The great Denise McCluggage passed away on May 6, 2015. A version of this article was originally posted January 20, 2015, on the occasion of her 88th birthday - The Eds.
Let me tell you a story.
It’s the Streets of Willow Raceway, June of 2007. I’m here to drive a Mercedes CLK63 AMG Black Series. This is the first time I’m on a racetrack with other journalists. I expect to be the slowest of the bunch and I expect the AMG to be terrible. I am wrong on both counts. The Black Series is incredible—the first heavy modern car I’ve ever experienced go perfectly neutral at its limit. It refuses to understeer. It refuses to not be incredible. It refuses to refuse to do whatever you ask of it. I am in immediate love with the car, I’m pushing as hard as I can, and I’m passing everybody.
Almost everybody. There is one car out there driving at my pace, and I do everything I can to catch it.
When I finally catch the other silver Black Series—thanks to traffic—we spend a lap or so waiting for a passing zone. Finally it’s our chance.
We nail our throttles. When the first corner arrives, I’m a mess. Ditto the second, third, and every corner thereafter. I’m sideways absolutely everywhere. Braking sideways, turning sideways, getting on the gas way too early and sideways then, too. My car must’ve looked like an In Living Color Fly Girl humping around a ballerina. I watch the car in front of me as its sidewalls breathe upon every apex, the CLK in a perfect four-wheeled saunter across the asphalt. There isn’t a twitch of the rear end; there isn’t a bob of the front end. It is fluid magic and I am transfixed.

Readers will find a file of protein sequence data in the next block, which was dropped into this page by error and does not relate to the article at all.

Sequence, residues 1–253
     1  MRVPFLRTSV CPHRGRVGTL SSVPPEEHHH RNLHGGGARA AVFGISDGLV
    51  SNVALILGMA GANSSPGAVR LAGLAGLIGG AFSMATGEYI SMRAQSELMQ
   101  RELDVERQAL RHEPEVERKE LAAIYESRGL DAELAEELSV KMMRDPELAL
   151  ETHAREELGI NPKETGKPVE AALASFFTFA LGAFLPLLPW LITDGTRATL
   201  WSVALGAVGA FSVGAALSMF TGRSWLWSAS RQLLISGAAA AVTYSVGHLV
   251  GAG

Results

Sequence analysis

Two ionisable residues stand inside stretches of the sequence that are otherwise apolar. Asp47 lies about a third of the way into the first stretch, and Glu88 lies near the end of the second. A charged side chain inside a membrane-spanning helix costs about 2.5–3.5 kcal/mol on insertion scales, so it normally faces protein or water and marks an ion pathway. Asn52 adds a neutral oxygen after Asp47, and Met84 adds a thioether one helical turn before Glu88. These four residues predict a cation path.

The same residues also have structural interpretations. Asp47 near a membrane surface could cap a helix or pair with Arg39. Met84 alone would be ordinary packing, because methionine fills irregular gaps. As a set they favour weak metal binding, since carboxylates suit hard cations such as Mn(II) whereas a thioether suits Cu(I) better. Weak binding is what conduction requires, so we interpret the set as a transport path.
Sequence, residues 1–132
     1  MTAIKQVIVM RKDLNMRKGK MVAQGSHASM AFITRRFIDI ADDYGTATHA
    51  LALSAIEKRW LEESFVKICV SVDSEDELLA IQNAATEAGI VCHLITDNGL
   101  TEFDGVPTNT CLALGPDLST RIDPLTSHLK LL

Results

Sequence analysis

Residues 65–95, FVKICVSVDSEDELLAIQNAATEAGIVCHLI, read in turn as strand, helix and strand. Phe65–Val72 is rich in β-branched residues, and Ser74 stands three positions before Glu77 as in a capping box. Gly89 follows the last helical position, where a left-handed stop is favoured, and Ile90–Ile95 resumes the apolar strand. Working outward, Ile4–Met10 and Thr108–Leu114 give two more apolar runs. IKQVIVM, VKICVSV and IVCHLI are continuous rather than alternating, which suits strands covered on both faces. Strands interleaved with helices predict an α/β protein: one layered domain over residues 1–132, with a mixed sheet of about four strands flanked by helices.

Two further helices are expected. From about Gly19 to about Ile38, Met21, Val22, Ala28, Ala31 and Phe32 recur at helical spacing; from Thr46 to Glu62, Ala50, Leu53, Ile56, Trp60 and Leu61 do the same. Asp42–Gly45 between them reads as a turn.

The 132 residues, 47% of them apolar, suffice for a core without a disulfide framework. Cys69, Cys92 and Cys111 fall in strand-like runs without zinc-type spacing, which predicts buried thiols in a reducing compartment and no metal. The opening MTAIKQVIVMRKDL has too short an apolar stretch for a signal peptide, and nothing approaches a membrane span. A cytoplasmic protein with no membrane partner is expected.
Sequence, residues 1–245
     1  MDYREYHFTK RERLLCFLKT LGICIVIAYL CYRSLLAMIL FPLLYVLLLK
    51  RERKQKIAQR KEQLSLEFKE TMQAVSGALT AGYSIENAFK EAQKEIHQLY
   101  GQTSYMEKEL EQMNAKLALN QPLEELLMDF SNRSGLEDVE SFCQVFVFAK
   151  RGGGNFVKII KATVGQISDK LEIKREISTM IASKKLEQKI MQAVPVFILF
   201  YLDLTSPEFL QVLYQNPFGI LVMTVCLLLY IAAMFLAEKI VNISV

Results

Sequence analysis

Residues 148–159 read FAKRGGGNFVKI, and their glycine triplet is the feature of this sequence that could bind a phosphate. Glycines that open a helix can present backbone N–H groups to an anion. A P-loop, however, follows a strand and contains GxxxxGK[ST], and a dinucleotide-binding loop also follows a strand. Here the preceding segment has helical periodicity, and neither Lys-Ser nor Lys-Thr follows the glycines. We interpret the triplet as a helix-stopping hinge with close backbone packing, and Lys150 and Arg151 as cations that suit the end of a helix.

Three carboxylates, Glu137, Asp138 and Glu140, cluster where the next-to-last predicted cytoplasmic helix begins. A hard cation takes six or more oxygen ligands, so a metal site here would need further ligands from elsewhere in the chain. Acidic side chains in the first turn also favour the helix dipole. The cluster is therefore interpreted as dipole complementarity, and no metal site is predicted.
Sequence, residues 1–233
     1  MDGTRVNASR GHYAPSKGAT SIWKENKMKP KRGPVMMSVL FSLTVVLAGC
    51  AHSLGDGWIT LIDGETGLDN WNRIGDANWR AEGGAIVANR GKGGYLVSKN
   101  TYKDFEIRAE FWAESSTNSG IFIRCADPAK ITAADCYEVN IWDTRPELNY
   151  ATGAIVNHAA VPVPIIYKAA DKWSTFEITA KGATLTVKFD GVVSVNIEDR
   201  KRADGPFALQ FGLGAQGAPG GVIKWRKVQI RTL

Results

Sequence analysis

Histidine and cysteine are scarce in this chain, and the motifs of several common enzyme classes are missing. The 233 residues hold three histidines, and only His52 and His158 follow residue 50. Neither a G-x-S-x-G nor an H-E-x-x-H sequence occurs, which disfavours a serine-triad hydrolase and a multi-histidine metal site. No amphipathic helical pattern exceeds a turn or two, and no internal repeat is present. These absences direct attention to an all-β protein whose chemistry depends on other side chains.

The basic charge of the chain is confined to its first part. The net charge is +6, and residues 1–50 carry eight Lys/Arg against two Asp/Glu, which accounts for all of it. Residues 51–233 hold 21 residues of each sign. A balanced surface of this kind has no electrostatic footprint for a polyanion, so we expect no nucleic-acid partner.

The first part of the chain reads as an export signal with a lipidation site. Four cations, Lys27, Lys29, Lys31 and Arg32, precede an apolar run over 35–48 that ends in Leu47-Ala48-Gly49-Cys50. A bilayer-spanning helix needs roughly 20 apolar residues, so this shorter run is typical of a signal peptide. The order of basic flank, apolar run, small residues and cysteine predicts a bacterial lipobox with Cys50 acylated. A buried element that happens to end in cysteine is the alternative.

I’m elated I’m able to keep up—not for any ego reason, but because it’s an opportunity to learn so much. Why am I so sideways when that car—an identical car—is so composed? What am I doing wrong to upset my car so, when that car is so clean? I would gladly spend a month behind that car, but when we pull onto the straight for the second time, I’m given a pass-by. No, no, no! I have so much to learn from you, silver Black Series. I back off. The AMG pulls right and slows way down. I have no choice but to drive by.
Knowing that my car is now the biggest thing in that car’s windshield, I clean up my act. I drift—barely—through the kink and into the braking zone for the hard, right, first corner. And when I track all the way out with just the smallest hint of opposite lock, I look up and see a rearview mirror full of DTM-anger CLK63 hotness. No matter what I do on the rest of that lap, I cannot lose that AMG.
I look up in the mirror after blasting once again onto the front straight and notice that my teacher is gone. The car pitted. I’m devastated—I want so badly to know who was at the wheel. My next lap—ostensibly a cool-down lap—might be the fastest of all. I nail every apex. I curtail every slide, just. And when I arrive into the pits, brakes practically on fire, I spot the other Black Series. Standing right at the door, laughing with a friend, is my hero.
She was tiny. She was 80 years old. She was Denise McCluggage.
A quick nod, a quick wink of one of her sparkling hazel-green eyes, and she’s back to her conversation.
It would be another year or so before our paths crossed again, by which time I had taken the time to read Denise’s book, By Brooks Too Broad For Leaping. I suggest you do the same.
If she’s not already, Denise McCluggage should be your hero. And I’m certain I still couldn’t keep up with her. Not in speed, not in writing, and certainly not in her grace.